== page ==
Limb-girdle muscular dystrophy (LGMD) is a genetically heterogeneous entity characterized by progressive wasting of the shoulder and pelvic-girdle muscles. Diagnosing particular types of LGMD is still challenging, especially in developing countries, with targeted next-generation sequencing (NGS) emerging as the most advanced diagnostic tool. Here, a 15-year-old Vietnamese girl with proximal muscle weakness was examined for genetic cause via targeted NGS using the AmpliSeq Inherited Disease Ready-to-Use Panel on the Ion Torrent Personal Genome Machine of the detected nucleotide changes, a mutation in exon 3 of CAPN3 was considered to be the responsible mutation. In the readpile-ups, only T was observed at the 424th nucleotide, while only C was observed in the normal sample. The c.424 C>Ttransition in CAPN3 shifted glutamine to a stop codon at the 142nd amino acid residue (p.Q142X). The homozygous c.424C>T genotype was confirmed via XspI restriction enzyme digestion using polymerase chain reaction-amplified product from the index case encompassing exon 3.The patient was concluded to be autosomal recessive LGMD type 2A. XsaIdigestion of 100 control Vietnamese genomes disclosed one carrier of this mutation. Thus, LGMD type 2Awas first diagnosed in Vietnam, a developing country, via targeted NGS, avoiding invasive muscle biopsy.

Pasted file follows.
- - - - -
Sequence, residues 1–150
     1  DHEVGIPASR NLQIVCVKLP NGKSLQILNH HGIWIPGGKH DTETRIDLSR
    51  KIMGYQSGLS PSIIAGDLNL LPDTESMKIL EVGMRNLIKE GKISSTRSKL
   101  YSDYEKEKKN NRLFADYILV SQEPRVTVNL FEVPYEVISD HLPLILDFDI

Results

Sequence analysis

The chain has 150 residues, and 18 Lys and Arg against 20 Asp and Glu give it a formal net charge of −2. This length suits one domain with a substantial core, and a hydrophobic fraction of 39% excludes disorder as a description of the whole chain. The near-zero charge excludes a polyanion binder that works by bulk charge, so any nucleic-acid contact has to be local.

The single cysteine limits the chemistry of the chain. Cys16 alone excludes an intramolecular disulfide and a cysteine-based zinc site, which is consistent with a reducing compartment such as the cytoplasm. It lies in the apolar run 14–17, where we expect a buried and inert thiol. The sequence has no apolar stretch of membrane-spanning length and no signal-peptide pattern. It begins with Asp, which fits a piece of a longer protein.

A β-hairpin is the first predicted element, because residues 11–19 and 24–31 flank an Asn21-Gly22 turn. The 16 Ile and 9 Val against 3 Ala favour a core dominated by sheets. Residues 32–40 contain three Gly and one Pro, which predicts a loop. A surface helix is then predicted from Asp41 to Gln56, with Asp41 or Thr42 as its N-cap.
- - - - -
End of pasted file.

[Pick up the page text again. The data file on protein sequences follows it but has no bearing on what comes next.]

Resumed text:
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Abstract